Unfortunately 2020 looked much different than any of us could have imagined which means I didn’t get a chance to keep my promise to return to the Legacy Tri a year later to race. When the pandemic hit, the goals and events that had kept me motivated and connected with community began to be postponed and then cancelled. One of the race companies has had to shut down for good at this point. The YMCA that partners with CAF to offer memberships to challenged athletes had been a weekly respite for me as I swam with an awesome masters group, watched my daughter in dance class, worked out in their gym, and chatted with friends. Everything that had helped me navigate my new normal as a disabled woman was cancelled, closed, quarantined. All while being told this pandemic was our new normal with things like seating and wheelchair ramps blocked for social distancing reconfiguration. This spring took me back to those early days of feeling so incapable, burdensome, and ostracized when I was first disabled.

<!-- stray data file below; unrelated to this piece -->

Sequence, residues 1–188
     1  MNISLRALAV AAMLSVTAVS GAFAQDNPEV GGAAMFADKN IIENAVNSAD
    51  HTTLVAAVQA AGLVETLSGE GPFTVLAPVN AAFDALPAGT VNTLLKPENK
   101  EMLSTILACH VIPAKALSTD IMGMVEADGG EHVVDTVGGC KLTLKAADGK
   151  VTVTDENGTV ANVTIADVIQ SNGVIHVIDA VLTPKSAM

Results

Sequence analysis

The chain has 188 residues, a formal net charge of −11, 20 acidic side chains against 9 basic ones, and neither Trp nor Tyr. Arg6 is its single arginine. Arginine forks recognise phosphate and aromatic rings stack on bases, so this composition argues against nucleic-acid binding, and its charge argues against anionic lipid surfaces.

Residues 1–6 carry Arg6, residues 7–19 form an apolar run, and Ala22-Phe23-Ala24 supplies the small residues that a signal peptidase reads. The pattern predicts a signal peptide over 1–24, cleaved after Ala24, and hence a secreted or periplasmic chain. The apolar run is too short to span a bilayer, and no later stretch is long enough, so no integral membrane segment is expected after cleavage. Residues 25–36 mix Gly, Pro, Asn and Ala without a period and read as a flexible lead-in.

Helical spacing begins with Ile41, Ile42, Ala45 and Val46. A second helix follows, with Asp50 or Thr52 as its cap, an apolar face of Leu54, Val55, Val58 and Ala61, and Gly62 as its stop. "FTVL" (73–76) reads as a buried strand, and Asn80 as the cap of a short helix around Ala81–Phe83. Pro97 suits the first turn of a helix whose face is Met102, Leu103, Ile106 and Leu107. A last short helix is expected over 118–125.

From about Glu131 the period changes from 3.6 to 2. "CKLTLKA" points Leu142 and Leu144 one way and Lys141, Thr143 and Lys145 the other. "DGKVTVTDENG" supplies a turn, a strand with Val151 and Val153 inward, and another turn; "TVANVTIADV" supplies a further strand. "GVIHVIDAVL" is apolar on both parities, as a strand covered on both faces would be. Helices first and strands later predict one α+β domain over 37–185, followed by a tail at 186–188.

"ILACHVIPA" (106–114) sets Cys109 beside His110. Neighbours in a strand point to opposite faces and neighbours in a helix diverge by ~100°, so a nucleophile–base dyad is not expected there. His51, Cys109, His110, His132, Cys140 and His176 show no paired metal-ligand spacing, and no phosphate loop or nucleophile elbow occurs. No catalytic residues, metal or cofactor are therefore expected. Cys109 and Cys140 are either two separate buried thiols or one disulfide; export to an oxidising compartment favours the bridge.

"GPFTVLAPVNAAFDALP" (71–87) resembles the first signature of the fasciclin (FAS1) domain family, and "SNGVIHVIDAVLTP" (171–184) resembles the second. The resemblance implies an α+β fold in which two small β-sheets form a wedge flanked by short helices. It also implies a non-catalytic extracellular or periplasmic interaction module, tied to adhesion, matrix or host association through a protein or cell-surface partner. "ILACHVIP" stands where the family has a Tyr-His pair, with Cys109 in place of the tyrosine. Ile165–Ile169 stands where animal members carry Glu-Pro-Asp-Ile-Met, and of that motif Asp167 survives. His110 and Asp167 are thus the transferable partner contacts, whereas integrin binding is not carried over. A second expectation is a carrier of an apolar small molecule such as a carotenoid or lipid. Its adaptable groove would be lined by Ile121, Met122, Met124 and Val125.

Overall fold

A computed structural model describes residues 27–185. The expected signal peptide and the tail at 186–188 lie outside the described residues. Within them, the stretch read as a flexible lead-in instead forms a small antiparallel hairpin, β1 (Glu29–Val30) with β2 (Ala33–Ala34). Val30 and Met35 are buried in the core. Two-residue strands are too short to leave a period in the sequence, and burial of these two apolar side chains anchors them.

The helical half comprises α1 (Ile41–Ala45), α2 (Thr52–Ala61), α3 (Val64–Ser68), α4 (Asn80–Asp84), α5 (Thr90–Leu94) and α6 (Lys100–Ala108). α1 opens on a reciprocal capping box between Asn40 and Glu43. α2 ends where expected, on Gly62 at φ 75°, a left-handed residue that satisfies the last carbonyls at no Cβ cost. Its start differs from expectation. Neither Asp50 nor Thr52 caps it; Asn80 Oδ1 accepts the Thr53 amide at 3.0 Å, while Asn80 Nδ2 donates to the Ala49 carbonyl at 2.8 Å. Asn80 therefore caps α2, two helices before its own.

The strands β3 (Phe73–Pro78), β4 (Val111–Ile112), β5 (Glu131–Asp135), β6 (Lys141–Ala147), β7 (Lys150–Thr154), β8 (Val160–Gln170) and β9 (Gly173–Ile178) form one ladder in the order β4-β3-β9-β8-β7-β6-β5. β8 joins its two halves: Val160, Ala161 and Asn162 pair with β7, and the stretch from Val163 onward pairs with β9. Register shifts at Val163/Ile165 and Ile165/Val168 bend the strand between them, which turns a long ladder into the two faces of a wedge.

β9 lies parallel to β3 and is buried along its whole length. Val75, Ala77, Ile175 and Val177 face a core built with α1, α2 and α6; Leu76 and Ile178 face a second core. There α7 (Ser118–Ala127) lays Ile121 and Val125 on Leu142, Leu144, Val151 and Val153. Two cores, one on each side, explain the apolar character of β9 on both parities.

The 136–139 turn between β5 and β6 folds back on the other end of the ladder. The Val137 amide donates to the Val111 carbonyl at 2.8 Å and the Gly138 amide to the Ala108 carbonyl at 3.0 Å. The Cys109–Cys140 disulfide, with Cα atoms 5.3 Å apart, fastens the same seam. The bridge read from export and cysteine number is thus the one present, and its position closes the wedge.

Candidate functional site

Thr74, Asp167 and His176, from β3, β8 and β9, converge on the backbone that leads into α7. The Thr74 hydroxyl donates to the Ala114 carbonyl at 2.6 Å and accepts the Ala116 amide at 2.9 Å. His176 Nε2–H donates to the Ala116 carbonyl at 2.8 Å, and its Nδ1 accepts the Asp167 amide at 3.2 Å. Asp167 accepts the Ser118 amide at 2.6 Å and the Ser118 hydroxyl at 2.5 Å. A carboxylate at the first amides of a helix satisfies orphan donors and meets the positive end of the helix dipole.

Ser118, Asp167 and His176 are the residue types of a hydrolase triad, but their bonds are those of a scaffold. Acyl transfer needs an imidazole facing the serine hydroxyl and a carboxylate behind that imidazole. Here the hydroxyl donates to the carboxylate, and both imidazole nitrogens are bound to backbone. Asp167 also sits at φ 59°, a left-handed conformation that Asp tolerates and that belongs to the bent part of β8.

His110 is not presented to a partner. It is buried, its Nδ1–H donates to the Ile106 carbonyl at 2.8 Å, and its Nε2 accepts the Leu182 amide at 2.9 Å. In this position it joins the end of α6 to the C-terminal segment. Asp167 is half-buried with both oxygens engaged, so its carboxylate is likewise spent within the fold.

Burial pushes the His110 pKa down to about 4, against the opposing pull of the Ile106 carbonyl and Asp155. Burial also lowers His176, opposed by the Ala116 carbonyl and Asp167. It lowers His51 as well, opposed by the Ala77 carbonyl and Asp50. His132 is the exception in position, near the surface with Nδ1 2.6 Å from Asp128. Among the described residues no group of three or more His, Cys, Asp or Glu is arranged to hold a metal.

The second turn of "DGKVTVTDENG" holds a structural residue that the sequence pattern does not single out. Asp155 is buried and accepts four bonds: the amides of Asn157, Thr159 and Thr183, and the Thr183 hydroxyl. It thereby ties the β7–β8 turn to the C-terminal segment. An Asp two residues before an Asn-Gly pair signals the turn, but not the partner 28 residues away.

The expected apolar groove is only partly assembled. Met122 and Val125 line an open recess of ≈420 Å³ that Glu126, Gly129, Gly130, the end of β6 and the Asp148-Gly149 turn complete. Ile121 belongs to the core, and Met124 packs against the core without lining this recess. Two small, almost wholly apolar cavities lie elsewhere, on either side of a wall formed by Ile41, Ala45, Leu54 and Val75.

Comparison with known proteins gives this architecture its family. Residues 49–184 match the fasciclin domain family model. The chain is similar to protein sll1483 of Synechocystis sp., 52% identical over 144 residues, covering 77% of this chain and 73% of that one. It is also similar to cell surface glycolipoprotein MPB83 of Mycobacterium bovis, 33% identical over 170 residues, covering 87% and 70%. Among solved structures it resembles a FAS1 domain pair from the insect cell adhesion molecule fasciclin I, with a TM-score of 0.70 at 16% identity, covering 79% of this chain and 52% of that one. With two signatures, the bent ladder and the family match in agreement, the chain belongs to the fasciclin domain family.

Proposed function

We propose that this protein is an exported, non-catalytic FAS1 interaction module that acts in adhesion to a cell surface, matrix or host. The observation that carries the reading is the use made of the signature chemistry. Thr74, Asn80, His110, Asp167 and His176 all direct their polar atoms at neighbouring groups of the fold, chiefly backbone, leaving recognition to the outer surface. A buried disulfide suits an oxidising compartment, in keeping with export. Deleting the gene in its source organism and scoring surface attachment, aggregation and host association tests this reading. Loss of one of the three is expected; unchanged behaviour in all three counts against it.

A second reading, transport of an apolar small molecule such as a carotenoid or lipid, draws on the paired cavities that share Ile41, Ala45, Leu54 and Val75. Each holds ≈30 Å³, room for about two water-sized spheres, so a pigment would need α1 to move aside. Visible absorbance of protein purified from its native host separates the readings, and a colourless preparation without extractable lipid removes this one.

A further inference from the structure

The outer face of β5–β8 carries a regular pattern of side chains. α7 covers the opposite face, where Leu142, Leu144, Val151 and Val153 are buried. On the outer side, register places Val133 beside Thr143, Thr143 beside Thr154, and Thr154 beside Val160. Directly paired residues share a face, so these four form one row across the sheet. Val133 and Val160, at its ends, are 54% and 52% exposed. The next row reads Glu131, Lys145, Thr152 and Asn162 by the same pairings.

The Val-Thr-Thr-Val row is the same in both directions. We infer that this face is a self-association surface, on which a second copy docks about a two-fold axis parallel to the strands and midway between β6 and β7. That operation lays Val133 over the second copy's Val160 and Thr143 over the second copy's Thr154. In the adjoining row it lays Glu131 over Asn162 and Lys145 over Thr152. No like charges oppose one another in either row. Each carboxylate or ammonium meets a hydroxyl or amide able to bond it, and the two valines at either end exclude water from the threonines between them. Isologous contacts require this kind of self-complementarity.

But then CAF launched a cycling group, started getting ready for their 2020 Community Challenge, and celebrated with me as I found out that I had been approved for a robotic Ottobock C-Brace. Those things didn’t fix everything, but they let me know that someone cares what a pandemic looks like for those with disabilities and that even though I can’t high five my fellow challenged athletes at a triathlon this summer and fall, we are still working hard on our goals collectively.
Then in July CAF transitioned their grant from a hand-cycle to an e-assist bike since my robotic brace has a biking mode that makes it possible for me to ride an upright cycle. Almost two years to the day of my injury CAF made it possible for me to bike down to the beach with my family. Talk about coming full circle. This has been such a difficult journey, but I’m so thankful for every treasure along the way.
Thanks to CAF I’m biking daily with the rest of my family and my daughter on the back of my bike. The powerful electric motor enables me to keep up with my teenage sons even up the steep hills near our house, and at the same time since it is a pedal assist cycle I am able to use the gears like a typical bike and really feel like I am cycling as I press through the pedal stroke with my good leg.